The Howard County Council will be proposing its first bill of the new year tomorrow, and, wheeew, it's a stinker.
On the surface, CB1-2009 seems like a rational response to an incident last month, when a hunter who should have known better opened fire on a deer and instead shot out the window of a day-care center 277 yards away. The state safety buffer zone is 150 yards, and this proposal would double that distance.
But before everyone starts congratulating each other, let me rain on the parade by saying, "This is a knee-jerk, badly worded, sorry excuse for a solution that won't make a single person any safer."
Others will no doubt say the same thing in far more eloquent terms, but I wanted to be the first.
Here's the bottom line: As written, it's unenforceable.
You see, in addition to arbitrarily doubling the safety zone (more about that later), the proposal also would prohibit anyone from firing a gun "in the direction of any dwelling, house, residence or other building or camp designed for occupation by human beings which is within the maximum range of the gun being discharged."
Verbosity and grammatical error aside, there's the little matter of the last seven words. I'll repeat them: "maximum range of the gun being discharged."
Maximum range is as unknowable as the number of bubbles in a Coke.
What size Coke? Cold or warm? Diet or regular?
It's the same thing with shotguns, a fact that apparently escaped the Howard County lawyer who drafted the bill.
For the sake of argument, let's use state hunting law as a foundation. Deer may be legally killed in Howard County with 10-, 12-, 16- and 20-gauge shotguns. Those guns come with lots of standard and custom barrel configurations that take at least four types of ammunition. They can be equipped with a scope or open sights.
A Howard County friend of mine who does math a whole lot better than I do came up with 192 combinations of legal deer gun.
But wait, there's more. What's the temperature? The wind? The humidity? Is the hunter on elevated ground or in a gully? How old is the gun?
You want to know the maximum range of a shotgun? First, tell me exactly how many bubbles are in my Coke.
(For perspective: Two honest-to-goodness scientists trying to determine the number of bubbles in a full bottle of champagne came up with two answers, 49 million bubbles per bottle and 250 million bubbles in a bottle.)
I feel sorry for the police officer who has to explain to a district court judge the maximum range of the gun used by the first hunter charged under this ridiculous law. If I'm the National Rifle Association, I take this case for the publicity.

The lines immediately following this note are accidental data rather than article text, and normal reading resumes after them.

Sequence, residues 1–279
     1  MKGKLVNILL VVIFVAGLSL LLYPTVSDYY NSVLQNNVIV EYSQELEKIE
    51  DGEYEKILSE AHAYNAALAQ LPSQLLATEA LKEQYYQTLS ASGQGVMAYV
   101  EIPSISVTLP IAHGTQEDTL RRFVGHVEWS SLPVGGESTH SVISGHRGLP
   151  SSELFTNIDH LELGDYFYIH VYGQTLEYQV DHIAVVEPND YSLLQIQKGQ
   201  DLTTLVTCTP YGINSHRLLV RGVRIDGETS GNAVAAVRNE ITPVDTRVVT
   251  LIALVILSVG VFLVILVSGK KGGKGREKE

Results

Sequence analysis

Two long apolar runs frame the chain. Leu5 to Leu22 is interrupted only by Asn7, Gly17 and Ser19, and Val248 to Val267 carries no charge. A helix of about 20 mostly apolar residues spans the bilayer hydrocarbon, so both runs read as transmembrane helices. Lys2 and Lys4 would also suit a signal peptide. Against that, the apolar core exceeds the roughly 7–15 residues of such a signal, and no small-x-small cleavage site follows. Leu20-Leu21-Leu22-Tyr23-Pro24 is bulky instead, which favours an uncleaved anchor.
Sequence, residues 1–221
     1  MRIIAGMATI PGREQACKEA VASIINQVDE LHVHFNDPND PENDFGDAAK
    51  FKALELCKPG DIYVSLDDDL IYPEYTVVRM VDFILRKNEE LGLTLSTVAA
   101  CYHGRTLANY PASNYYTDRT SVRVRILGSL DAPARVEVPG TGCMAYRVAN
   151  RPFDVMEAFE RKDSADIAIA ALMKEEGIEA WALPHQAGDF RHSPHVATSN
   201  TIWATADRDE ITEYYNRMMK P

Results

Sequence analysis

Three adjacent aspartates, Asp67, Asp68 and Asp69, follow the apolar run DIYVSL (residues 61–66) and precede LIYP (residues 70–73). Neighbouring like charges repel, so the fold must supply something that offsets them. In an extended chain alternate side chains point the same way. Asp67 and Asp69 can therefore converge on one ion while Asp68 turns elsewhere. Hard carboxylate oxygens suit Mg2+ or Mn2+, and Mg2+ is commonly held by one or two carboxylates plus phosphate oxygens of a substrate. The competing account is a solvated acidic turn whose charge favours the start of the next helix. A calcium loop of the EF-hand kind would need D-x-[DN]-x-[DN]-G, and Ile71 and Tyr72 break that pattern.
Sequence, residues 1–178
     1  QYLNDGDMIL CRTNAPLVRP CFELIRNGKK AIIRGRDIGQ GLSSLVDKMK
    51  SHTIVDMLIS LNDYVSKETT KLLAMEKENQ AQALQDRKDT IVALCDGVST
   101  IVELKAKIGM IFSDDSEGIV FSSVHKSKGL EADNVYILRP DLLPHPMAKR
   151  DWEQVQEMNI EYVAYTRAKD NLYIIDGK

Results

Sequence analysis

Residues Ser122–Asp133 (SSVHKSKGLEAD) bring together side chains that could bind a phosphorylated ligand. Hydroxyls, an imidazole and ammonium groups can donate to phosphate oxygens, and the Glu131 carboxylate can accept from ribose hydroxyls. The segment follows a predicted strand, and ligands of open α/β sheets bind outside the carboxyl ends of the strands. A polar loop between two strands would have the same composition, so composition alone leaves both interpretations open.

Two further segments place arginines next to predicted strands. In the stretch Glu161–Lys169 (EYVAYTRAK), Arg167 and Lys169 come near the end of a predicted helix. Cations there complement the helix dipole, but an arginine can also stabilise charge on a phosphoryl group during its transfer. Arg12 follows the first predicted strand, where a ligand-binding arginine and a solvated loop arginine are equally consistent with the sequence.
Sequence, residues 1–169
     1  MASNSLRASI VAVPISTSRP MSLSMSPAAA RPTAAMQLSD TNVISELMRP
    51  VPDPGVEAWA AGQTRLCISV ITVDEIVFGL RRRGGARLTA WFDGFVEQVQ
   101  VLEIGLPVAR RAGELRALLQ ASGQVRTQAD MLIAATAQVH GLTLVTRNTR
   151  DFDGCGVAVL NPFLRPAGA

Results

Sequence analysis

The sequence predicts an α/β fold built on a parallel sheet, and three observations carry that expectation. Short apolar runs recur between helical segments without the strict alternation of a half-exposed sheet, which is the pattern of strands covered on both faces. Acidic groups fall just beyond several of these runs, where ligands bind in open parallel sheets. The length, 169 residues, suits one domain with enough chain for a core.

As for doubling the safety buffer, that's a false sense of security. Remember, the hunter charged with unsafe practices was just 23 yards shy of the new and improved buffer. If he had been in a tree stand instead of standing on the ground or had a different gun, who's to say his slug couldn't have gone the distance?
Speaking of tree stands, the bill shrinks the 300-yard buffer to the original 150-yard buffer if the hunter is "shooting downward" from a tree stand that is a minimum of 10 feet off the ground, or is (I presume) a waterfowler shooting a shotgun loaded with shot.
Unfortunately, the bill doesn't stop there. It also extends the prohibition on hunting on less than 10 acres from the Metropolitan District - roughly the eastern half of the county - to the entire county.
If this passes, a police officer will have to be equipped with a range finder to size up yardage, a tape measure to check tree stands and property maps to ensure the size of a hunting parcel exceeds 10 acres. That's not a police officer, that's a Re/Max agent.
The bill, being introduced at the request of County Executive Ken Ulman, is co-sponsored by four of five council members. A hearing is tentatively set for 7:30 p.m. on Jan. 21 at the Board of Education board room on Route 108, Ellicott City.
I don't know why the council is rushing to pass such a ghastly piece of claptrap. With deer season ending Jan. 31 and resuming in mid-September, there's plenty of time to get it right.
And there's a simple fix. Adjust the boundaries of the Howard County Metropolitan District to reflect the expanding suburban population or establish a firearms ordinance zone. Caught outside with a gun inside the zone, you're busted.
Last summer, a survey by the Maryland Institute for Policy Analysis and Research at UMBC showed that about 58 percent of county residents believe there are too many deer, half of those polled said they had either been involved in a collision with a deer or have a relative or friend who had been in the past five years, and half said they had bushes or crops damaged by deer.
If you think there are too many deer now, just wait a year or two, gang, when no one will hunt in Howard County because it's not worth the trouble.